Samples can be further honed using a collection of mixing and synth‑like parameters, plus a set of 'Groove' parameters, all of which are altered using the knobs under the display. Pressing the button related to any of these features causes their function to flash in the display, at which point the knobs control that parameter. Level, pan and pitch can be edited in this way, as can LFO, sample attack and release times (the release parameter can make a sample continue playing without the user having to keep a finger on a pad), the SU700's resonant filter and 2‑band EQ.

The trio of 'Groove' buttons in the same area accesses Timing, Velocity and Gate Time parameters, which work directly on samples and are nothing short of amazing with the right source material. Timing adds 'swing' to a straight sample; with a rhythm loop sample you can hear swing being added in real time, as individual drum hits are moved. There must be a pretty clever algorithm in there, analysing the waveform, identifying rhythmic peaks and then moving the digital audio around, incredibly fast and with minimal effect on sound quality. Just as with quantisation on a MIDI sequencer, different note resolutions are offered: quarter, 8th, 16th and 32nd.

Moving along, the Velocity parameter alters the attack of various hits in a sample, and Gate Time shortens (or lengthens) the apparent time each hit in a sample lasts. The effect of both is remarkable and, again, for the most part artifact‑free. Speaking of remarkable, when you change the tempo of an SU700 song, loops are automatically time‑stretched, in real time, to fit the new tempo; the pitch doesn't change, and there are virtually no audio artifacts.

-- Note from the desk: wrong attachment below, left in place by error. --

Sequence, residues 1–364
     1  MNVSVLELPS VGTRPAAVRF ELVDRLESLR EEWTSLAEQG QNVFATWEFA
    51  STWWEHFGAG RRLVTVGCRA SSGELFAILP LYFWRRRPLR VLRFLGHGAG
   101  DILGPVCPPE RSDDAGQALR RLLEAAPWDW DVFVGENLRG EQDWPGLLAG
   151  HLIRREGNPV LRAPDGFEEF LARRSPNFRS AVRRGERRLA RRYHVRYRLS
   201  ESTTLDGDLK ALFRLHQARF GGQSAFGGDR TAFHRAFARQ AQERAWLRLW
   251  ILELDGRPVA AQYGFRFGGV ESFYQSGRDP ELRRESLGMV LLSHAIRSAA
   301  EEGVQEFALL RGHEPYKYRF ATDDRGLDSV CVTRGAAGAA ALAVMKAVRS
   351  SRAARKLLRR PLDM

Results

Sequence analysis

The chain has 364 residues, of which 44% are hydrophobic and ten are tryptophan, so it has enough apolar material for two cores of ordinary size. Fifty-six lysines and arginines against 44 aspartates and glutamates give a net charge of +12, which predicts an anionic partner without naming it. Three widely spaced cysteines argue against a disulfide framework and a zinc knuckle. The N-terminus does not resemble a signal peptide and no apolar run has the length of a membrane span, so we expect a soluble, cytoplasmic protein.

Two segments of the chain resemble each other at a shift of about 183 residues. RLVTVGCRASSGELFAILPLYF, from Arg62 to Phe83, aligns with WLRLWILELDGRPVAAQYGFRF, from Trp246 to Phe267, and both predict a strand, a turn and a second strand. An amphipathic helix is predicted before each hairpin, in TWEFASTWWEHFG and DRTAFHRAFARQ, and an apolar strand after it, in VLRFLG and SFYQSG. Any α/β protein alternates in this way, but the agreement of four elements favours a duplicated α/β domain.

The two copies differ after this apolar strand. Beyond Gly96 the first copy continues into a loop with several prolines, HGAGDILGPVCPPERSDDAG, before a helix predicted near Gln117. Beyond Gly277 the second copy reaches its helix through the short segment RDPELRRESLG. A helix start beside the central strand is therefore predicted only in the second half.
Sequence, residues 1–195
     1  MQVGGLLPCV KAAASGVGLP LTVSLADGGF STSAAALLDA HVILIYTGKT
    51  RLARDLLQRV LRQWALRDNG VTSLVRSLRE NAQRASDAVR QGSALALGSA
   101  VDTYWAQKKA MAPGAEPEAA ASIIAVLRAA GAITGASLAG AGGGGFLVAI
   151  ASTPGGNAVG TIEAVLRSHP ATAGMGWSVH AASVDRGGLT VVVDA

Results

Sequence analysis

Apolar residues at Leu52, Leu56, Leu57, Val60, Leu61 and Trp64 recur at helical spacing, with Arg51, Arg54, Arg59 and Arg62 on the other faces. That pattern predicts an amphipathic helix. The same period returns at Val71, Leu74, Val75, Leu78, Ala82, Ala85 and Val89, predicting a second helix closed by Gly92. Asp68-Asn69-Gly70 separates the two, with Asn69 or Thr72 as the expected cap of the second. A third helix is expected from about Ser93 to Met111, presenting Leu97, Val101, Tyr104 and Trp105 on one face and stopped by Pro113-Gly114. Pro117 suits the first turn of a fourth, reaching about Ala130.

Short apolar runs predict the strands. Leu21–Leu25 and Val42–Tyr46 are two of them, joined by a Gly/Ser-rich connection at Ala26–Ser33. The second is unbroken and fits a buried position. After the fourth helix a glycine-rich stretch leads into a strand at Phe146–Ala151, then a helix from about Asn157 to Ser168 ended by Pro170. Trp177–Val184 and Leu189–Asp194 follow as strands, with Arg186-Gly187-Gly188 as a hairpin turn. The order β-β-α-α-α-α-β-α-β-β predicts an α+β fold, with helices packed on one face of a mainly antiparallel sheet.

There is one small problem with the SU700's sample organisation: samples can be copied from one pad to another within a Song, but not from one Song to another, so using a favourite loop in more than one Song isn't as easy as it could be. There is a workaround: samples can be loaded off disk from inside saved Song files, though since samples can't actually be named (they're identified by cryptic references to their pads), you'll have to keep notes so you know what you're loading.

Examining Effects

Effects are another area in which the SU700 does rather well. There are three processors, all configurable as system or insert effects. The treatments available from the 43‑strong collection, which is derived from the A3000, depend on whether you choose insert or system operation, but you can have three global effects, or three insert effects (which can treat multiple tracks/samples anyway, but with no send control) or any combination of the two types. It's even possible to apply effects, including insert effects, to audio piped through the external inputs. There are some flexible routing options, too: Effect 1 has a send control to Effect 2 and 3, and Effect 2 has a send control to Effect 3, so if serial effects are required, or an insert effect would benefit from a little reverb, it's possible.

On the quality front, the effects collection is fine. The standard delays and reverbs are nothing exceptional, but they do a good job, with just enough variety. Delays — and many other effects — can be sync'ed to the SU700's master tempo, with a choice of time divisions that can be set independently for each effect you'd like to sync.

Where the SU700 really scores is in its creative treatments, which include strange modulation options and more ways to add noise and distortion than any sane person could want.